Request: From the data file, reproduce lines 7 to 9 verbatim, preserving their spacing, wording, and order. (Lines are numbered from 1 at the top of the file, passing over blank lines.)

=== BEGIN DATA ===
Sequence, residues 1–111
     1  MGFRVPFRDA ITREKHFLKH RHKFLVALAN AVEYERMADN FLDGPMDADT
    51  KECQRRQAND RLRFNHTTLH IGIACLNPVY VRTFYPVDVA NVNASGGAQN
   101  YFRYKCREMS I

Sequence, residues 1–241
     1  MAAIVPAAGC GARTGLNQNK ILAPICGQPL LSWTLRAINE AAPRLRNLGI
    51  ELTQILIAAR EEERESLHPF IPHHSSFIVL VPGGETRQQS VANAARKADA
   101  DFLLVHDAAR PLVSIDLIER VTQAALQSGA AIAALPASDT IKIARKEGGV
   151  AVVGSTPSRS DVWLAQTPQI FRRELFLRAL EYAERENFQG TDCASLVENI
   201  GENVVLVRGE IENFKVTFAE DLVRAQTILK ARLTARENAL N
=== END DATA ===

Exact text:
    51  ELTQILIAAR EEERESLHPF IPHHSSFIVL VPGGETRQQS VANAARKADA
   101  DFLLVHDAAR PLVSIDLIER VTQAALQSGA AIAALPASDT IKIARKEGGV
   151  AVVGSTPSRS DVWLAQTPQI FRRELFLRAL EYAERENFQG TDCASLVENI